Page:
Election: Does God Send People to Hell?
OCTOBER 15, 2020
For context, as a member of Presbyterian Church in America, I come from the "Reformed Camp" and Calvinism is a part of the Reformed faith. (As an aside, not all Presbyterians are 5-point Calvinists; while churches belonging to PCA as well as Orthodox Presbyterians, are 5-point Calvinists.) The Westminster Confession of Faith is simply a statement of Reformed beliefs.
The five points of John Calvin, in explanation of Reformed theology, are under the acrostic TULIP: Total Depravity—radical and pervasive depravity, the sinful condition of man. Unconditional Election—God has chosen his people before the foundation of the earth. Limited (or Particular) Atonement—Augustine said that the blood of Christ is sufficient for the sins of the world, efficient for the sins of the elect. Irresistible Grace—God’s grace of Christ on the cross. Perseverance of the Saints—eternal security based on the doctrine of election; God will persevere in the life of the believer (John 10:27-29; Romans 8:30, 38, 39; 11:29; Philippians 1:6, 2 Timothy 1:12; 2 Thessalonians 3:3).
There is some good news here: Because of sin, man is in great need and God met that need—with forgiveness, acceptance and love—in Jesus Christ. God is God. He is sovereign and knew, loved and chose you from the foundation of the earth. Once you have accepted Christ into your life and heart, your salvation is secure. Because our salvation is only by the grace of God (it is not something we do or do not do), it can never be lost.
There is much discussion and disagreement over the issue of election—how much God, how much man. Salvation obviously has both present and future implications. Election simply means that God has chosen his people before the foundation of the earth. The issues of election and predestination are difficult and have been struggled with by many.
J.I. Packer (his book is Evangelism and the Sovereignty of God) says that there are two truths in the Bible. One is the truth of human freedom and responsibility and the other is the truth of God’s sovereignty. Packer says that it is impossible for the truths to be reconciled and thus they become what is called an “antinomy” (i.e. two truths that are both true, but which can’t be brought together according to the rules of logic).
I believe in both election and human responsibility. Check out Romans 8 and 9, and Ephesians 1. God has determined beforehand that those who believe in Christ will be adopted into his family and conformed to his Son (Romans 8:29). It involves a choice on his part (Ephesians 1:4); it is done in love (v. 4); it is based on the good pleasure of his perfect will (vv. 5, 9 & 11); and its purpose is to glorify God (v. 14); but it doesn’t relieve man of his responsibility to believe (v. 13).
There is no indication in Scripture as to exactly how God foreknew. I believe, though not biblical, that God does arrange circumstances so that the greatest possible number of people would be elect given the factors of human freedom and responsibility. God’s love and election have to be reconciled somehow. God chose with tears in his eyes.
There is a big difference between fatalism and the Christian faith. We are not “puppets.” The Bible assumes our human responsibility. Our choices are meaningful and our actions bring about change. God is in charge and at the same time we’re free and responsible.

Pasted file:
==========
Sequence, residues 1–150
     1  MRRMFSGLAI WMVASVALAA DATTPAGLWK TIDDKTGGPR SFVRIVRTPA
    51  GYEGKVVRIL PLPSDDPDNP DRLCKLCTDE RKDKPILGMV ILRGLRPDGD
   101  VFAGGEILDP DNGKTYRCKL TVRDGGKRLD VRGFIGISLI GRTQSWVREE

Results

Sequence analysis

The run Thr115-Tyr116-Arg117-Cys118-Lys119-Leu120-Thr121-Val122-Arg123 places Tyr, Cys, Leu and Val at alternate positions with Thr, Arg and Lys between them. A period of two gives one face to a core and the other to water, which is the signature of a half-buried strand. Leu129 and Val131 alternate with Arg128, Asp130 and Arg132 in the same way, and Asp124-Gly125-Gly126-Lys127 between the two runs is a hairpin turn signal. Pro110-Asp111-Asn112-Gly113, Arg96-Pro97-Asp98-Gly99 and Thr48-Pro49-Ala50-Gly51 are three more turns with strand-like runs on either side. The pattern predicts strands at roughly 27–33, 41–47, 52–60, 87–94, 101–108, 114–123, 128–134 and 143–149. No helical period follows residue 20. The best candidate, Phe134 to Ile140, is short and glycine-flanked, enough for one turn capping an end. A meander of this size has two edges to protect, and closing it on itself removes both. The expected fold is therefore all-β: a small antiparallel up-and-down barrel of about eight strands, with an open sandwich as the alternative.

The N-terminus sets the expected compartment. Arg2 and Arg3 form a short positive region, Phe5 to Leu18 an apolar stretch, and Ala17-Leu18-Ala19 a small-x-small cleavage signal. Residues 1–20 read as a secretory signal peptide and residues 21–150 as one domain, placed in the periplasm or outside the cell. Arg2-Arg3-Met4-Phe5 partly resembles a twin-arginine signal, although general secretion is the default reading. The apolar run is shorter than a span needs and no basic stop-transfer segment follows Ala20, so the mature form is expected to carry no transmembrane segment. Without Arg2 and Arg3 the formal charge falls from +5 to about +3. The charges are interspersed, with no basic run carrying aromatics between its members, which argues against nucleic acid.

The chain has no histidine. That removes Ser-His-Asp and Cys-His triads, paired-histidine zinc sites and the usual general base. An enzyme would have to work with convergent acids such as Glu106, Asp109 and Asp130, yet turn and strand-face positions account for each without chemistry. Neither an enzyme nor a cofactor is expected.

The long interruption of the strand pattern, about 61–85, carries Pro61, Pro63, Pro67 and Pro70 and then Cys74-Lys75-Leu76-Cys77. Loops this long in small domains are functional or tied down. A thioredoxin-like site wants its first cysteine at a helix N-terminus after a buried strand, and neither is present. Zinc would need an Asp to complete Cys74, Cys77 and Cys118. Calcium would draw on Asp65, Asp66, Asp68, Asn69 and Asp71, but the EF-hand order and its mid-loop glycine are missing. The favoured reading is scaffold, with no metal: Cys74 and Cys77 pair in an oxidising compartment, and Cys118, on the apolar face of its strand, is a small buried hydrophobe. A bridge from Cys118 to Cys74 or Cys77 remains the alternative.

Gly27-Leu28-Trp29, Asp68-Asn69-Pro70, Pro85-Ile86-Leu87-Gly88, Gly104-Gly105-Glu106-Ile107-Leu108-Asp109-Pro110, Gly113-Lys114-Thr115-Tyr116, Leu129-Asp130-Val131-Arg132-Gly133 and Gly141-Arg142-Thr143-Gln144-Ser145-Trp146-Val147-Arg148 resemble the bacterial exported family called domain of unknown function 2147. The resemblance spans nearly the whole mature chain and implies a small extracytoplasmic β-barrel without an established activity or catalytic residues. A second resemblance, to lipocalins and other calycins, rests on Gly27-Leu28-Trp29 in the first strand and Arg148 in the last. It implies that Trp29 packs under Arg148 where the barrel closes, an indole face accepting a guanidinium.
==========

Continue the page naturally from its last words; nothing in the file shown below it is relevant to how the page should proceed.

The Bible teaches the absolute sovereignty of God. My friend, R.C. Sproul, says that if there is one molecule outside of God’s sovereignty, then nothing is under God’s sovereignty. In other words, God is in charge of everything and Romans 8:28 is true. If there is anything in the world not under God’s control, then God is not really God. The Bible also teaches that we are free and responsible. Our individual decisions and the decisions of nations affect the way things are.
God’s universal love is taught in John 3:16, 2 Peter 3:9 and 1 Timothy 2:4, among other passages of Scripture.
The love of God can be seen throughout creation for all of us—in the warmth of the sun and a beauty of a sunset, the laughter of a child and the joy of an ice cream cone. On a deeper level, the world is still intact, we are breathing and the grace of God is at work, affecting all people. (If God gave us all exactly what we deserve because of sin, the world and all of us would be destroyed in an instant.)
The love of God is also taught throughout Scripture in the involvement of God with his people—in the act of creation, in the calling of God’s people to himself, in the incarnation of God in Christ, in the person and teaching of Christ, in Christ’s death on the cross and in Christ’s promise of return. God’s love is unconditional and offered to everyone. (Whether or not an individual accepts God’s love is another issue.)
Jesus Christ died for everyone . . . God loves each and every individual enough to die for him or for her. The Scriptural base for that is John 3:16, “For God so loved the world that He gave his only begotten Son, that whoever believes in Him should not perish but have everlasting life.” The “world” refers to everyone, all individuals. If God had meant “certain individuals,” he would have said so.
Coming at this from a Reformed perspective, I hold to the system of a “universal invitation” (inviting all to respond to God’s offer of salvation), but warn that one must be careful in how that invitation is issued. There is still a decision to be made by the individual. The invitation should be that eternal life is offered to everyone who believes. God doesn’t harden a person’s heart; he or she has chosen that path. As I’ve said many times, God greases the track in the direction you want to go.